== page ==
The way Shane sees it, some kids don’t always have enough food.
Maybe they’ve eaten everything in the house and their mom and dad aren’t home yet, the 11-year-old Kansas Citian says. It could be that no one has gone to the store in a while. Maybe some parents can’t afford all the food their family needs.
“The prices keep going up,” he says. “Things are really expensive at the stores.”
Shane is sitting in a basement room at his Kansas City public school with Stephanie, another fifth-grader. Both take home packs of food each Friday to help them get through the weekend. On this day, they have come in to talk about what the food, provided by a Leawood church, means to them each week.
“It helps my parents so they don’t have to go shopping every day,” says Stephanie, also 11. “Sometimes my brother asks me for some of my food.”
Adds Shane: “They put something in there for every holiday. Sometimes they put cookies in there. Chocolate chip.”
Ninety-seven percent of the kids at their school qualify for free or reduced-price school meals. Staffers say many of their families are homeless. Others have two working parents in the home, but they still don’t make enough to pay all the bills and provide plenty of food.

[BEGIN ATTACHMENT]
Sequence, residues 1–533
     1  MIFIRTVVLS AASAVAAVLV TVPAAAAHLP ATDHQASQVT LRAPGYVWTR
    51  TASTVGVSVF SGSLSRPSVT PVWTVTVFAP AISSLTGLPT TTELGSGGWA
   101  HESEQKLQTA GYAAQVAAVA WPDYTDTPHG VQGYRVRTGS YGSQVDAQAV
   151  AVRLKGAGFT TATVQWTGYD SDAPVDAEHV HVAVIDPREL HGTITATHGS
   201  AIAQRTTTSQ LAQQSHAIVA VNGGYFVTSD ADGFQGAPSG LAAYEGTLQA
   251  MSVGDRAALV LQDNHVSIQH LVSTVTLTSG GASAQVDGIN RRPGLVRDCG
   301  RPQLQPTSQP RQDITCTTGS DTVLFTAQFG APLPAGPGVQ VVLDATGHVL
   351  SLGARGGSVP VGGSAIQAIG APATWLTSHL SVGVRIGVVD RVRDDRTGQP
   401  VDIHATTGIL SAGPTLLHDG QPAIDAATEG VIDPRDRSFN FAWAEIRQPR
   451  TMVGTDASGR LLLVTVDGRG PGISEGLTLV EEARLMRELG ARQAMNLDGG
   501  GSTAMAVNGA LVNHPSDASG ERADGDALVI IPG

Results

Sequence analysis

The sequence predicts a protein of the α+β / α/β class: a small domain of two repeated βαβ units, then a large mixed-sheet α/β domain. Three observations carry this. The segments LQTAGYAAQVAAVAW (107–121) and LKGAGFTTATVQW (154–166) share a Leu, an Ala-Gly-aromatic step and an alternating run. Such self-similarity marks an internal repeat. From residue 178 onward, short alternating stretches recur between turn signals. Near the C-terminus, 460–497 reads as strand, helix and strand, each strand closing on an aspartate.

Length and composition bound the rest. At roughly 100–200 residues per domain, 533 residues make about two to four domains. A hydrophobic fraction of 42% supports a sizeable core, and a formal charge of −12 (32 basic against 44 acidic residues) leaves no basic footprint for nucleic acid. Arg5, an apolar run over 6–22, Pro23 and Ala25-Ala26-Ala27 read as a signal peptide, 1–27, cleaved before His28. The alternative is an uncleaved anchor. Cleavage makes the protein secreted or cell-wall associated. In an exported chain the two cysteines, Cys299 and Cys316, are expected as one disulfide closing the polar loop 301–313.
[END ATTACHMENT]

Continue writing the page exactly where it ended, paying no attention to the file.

This year, about 300 of their school’s 500 students get packs of food each Friday to tide them over the weekend. Church of the Resurrection in Leawood provides the packs of food to this school and five others each week.
The church wanted to show kids that they also can give to people who need help. So this fall, the students who get backpacks at their school, including Shane and Stephanie, went to Church of the Resurrection and helped fill backpacks for students at a Johnson County school.
Each kid brought at least one canned good to help another family.
“You should have seen how proud they were when they went one by one and put their can on the shelf,” said Mary Tostenson, who co-founded the Backpacks for Hunger ministry with a friend five years ago.
Both Stephanie and Shane took ravioli.
“It teaches me other people need help, too,” said Shane, who has received a weekly pack of food, either from Church of the Resurrection or Harvesters, since he was in kindergarten. “I felt really, really good.”
A few weeks ago, Stephanie went to the grocery store with her mom and dad. As they left, the fifth-grader saw a man and a little boy standing outside.
“They looked hungry,” she said.
Stephanie had her dad stop the cart. She pulled a box of snack cakes from one of their bags and handed it to the man.
The two thanked the little girl.
“The man told me that God would thank me,” she said.